Play Live Radio
Next Up:
Available On Air Stations
KPBS Evening Edition

San Diego Healthcare Workers Show Support For Barrio Logan Community Plan

San Diego Healthcare Workers Show Support For Barrio Logan Community Plan
San Diego Healthcare Workers Show Support For Barrio Logan Community Plan
San Diego healthcare workers showed their support Wednesday for propositions that they say would protect the environment and children in Barrio Logan.

San Diego voters will have a say in the battle over land use in Barrio Logan at the ballot box on June 3.

Barrio Logan, a largely low-income neighborhood with a prominent Latino population, currently is home to shipbuilding and supply companies. Propositions B and C would require businesses that use toxic and flammable chemicals in Barrio Logan to be located a safe distance away from schools, playgrounds and homes.

About a dozen healthcare workers and San Diego residents gathered Wednesday to show their support of the propositions at a news conference by the "Yes on B & C" campaign. Barrio Logan has one of the highest rates of asthma in the county, and supporters say the propositions will protect children and the environment.

Luz Palomino raised her kids in Sherman Heights, just blocks away from Barrio Logan.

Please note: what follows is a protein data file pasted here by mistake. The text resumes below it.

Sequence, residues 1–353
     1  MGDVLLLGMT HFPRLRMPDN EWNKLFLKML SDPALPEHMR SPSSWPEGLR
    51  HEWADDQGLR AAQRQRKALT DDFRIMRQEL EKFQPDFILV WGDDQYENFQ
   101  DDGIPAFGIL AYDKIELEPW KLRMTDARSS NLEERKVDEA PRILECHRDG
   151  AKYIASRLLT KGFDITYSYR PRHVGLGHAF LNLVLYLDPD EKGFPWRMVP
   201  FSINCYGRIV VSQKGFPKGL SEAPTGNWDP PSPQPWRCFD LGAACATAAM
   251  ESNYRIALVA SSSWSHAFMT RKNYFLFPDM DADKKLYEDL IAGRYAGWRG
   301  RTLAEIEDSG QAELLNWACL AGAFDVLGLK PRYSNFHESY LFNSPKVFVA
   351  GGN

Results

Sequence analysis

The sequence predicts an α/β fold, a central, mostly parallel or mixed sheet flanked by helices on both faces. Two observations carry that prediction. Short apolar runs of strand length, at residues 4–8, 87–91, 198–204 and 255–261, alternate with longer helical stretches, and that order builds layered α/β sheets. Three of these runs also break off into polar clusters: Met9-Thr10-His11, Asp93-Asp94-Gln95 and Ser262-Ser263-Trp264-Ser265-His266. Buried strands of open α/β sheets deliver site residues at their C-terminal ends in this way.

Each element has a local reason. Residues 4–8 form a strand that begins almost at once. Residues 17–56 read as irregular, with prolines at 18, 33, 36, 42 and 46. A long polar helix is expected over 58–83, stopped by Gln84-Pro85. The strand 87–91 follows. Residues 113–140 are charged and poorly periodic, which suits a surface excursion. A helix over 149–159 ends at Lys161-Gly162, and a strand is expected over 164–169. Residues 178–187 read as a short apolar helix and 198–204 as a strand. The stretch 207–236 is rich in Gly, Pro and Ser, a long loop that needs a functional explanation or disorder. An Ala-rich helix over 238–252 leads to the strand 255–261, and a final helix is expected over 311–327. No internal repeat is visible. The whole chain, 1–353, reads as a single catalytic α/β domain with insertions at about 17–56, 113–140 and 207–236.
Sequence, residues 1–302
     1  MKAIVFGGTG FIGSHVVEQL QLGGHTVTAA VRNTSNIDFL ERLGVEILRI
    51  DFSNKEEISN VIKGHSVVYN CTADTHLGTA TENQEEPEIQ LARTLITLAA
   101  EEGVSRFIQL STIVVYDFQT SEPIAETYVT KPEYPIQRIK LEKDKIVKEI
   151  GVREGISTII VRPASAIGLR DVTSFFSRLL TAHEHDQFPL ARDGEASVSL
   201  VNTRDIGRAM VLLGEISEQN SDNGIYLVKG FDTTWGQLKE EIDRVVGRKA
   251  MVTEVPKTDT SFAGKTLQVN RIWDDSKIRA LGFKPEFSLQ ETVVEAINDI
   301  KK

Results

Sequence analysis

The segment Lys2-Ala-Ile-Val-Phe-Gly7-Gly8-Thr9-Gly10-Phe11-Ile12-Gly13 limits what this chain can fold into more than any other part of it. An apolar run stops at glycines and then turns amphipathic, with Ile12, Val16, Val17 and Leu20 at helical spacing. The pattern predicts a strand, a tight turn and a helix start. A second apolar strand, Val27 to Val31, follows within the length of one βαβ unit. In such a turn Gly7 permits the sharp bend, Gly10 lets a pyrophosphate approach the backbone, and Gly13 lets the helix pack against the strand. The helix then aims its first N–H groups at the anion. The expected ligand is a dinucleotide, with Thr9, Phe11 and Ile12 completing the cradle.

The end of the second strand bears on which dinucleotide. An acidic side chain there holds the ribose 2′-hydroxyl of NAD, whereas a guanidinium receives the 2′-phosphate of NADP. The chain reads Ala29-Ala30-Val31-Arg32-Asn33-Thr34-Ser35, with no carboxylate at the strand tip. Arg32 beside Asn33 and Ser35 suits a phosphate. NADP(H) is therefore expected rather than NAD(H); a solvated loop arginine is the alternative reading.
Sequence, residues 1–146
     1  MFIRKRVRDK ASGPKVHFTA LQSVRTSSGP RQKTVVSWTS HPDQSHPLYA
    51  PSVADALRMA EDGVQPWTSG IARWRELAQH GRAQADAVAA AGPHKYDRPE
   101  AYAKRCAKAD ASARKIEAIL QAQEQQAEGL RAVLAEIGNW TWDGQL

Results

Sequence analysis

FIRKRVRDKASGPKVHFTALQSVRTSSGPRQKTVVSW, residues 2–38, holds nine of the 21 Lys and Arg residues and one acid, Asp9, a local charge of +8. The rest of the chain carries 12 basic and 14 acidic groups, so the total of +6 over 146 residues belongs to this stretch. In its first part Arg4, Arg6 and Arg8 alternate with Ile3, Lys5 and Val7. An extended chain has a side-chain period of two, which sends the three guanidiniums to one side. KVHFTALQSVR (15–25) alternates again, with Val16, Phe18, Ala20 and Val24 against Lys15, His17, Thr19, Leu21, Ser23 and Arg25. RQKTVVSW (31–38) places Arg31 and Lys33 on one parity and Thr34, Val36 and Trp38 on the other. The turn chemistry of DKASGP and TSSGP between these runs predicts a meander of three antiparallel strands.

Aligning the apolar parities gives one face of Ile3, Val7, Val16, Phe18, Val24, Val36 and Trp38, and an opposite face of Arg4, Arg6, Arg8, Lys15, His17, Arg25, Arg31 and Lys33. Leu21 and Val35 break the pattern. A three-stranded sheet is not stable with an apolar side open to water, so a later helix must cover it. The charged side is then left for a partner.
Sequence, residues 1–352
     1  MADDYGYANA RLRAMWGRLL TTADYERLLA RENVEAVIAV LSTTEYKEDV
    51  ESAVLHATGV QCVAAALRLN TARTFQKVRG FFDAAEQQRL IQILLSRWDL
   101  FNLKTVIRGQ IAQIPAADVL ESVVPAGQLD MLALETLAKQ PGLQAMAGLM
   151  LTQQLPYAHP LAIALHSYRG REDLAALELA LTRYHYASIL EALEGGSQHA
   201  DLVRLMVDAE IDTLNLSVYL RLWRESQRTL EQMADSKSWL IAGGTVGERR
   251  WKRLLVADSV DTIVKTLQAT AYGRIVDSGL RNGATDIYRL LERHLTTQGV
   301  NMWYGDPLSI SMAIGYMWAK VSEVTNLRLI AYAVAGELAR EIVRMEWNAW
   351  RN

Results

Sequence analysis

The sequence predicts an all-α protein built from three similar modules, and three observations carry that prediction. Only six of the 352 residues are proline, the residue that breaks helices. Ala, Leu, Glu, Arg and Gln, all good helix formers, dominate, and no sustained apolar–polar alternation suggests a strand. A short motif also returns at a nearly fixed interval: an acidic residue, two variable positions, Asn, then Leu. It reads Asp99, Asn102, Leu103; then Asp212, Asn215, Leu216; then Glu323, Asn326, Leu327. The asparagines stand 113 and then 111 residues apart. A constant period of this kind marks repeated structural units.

"I think it's time to protect the families. I live there, I have grandchildren, and I have one grandson with asthma, and it's very hard to see when he can't breathe," Palomino said.

The California Environmental Protection Agency ranks communities based on environmental hazards and factors that could make a population more vulnerable to health impacts. Barrio Logan has the highest toxic releases in San Diego.

Michael Jackson has been an emergency room nurse at UCSD for 15 years, and supports the propositions.

"We know these toxins cause illnesses. Maybe not just respiratory illnesses, what about the skin? It can cause skin irritation, even effect people developmentally," Jackson said.

The maritime industry opposed the zoning update for Barrio Logan, which was approved by City Council last year. They're concerned the plan won't allow the shipbuilding industry to expand, and collected enough signatures to send the plan to the ballot. A judge ultimately had to confirm the referendum's placement on the ballot after plan supporters sought an injunction on the referendum.